Can You Take College Courses During Inpatient Drug Rehab?

To support your long-term goals, most inpatient rehab programs will let you take online college courses during treatment. However, you might want to take a break from your courses during medical detox, an intense treatment that typically takes place in the first week of rehab.

When recovering from substance use disorder, it’s important to focus on your long-term goals. One of the most common goals for people in recovery is a college degree. 

You might assume you need to put this dream on hold during inpatient treatment

However, most treatment centers will do everything they can to support your studies and help you create a fulfilling, drug-free life.

Can You Take College Courses During Inpatient Drug Rehab?

In most cases, yes. While the majority of rehab centers won’t let you leave the facility for on-campus classes, they will likely let you take online courses throughout your stay

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Request Assignment Extensions During Detox

Although many rehab centers will allow you to take online courses, you may want to request extensions on any assignments due during the first week or so of treatment. That’s because these early days often include medical detoxification. 

During detox, doctors help you manage withdrawal symptoms as you stop using drugs. These symptoms may range from mild (such as headaches and nausea) to severe (such as hallucinations and seizures). 

Your doctors will work hard to treat your symptoms and keep you as comfortable as possible. Still, the detox process takes a significant amount of physical and mental energy. Once it ends, you can resume your classes with a clear head. 

Be Clear About Your College Goals

Even after you finish detox, you may struggle to balance your classes with other parts of your treatment plan, such as individual and group therapy. 

That’s why it’s important to tell your treatment team about your college goals. They can help you plan your schedule so your treatment doesn’t conflict with your studies.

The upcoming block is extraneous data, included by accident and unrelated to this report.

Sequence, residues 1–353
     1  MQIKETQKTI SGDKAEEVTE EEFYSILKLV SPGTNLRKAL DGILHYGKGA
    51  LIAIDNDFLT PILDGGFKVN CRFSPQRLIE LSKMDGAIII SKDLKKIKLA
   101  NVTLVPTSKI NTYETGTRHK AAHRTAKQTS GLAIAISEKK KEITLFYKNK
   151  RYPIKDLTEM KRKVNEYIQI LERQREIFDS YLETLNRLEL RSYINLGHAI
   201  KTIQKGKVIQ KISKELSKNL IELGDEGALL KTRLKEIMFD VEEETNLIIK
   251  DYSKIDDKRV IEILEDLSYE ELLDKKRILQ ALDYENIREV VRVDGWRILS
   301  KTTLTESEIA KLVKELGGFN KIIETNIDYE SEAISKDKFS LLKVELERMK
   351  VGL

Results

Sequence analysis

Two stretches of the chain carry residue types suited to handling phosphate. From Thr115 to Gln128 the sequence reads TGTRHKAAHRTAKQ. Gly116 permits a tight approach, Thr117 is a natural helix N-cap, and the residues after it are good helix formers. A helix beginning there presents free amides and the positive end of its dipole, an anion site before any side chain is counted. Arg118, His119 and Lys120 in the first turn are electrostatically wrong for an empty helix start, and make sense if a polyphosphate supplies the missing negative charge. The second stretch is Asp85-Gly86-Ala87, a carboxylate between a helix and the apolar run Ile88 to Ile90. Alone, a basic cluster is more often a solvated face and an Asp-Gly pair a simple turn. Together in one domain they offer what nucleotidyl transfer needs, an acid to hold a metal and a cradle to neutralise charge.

Benefits Of Taking College Courses During Inpatient Rehab

College courses help you start building a productive, sober life even before you finish treatment. They also allow the numerous college students battling addiction to get the care they need without delaying their education. 

In addition, your courses will help you maintain a sense of normalcy in rehab. After rehab, some people have trouble readjusting to their daily lives. That’s because they must suddenly return to their responsibilities at home, work, and school all at once. 

When you keep up with your studies in rehab, it’s likely easier to transition back to your normal life.

Finally, for many people, college serves as a welcome distraction from the challenges of early recovery. By focusing on your classes, you help take your mind off drug cravings. College also reduces boredom, which is a common cause of relapse. 

How To Maintain Your Recovery After Inpatient Rehab

Once you finish treatment and return to your college campus, you may face a variety of triggers. Indeed, most campuses feature heavy amounts of drug abuse, especially alcohol abuse. 

According to the Substance Abuse and Mental Health Services Administration (SAMHSA), full-time college students typically drink more than other young adults.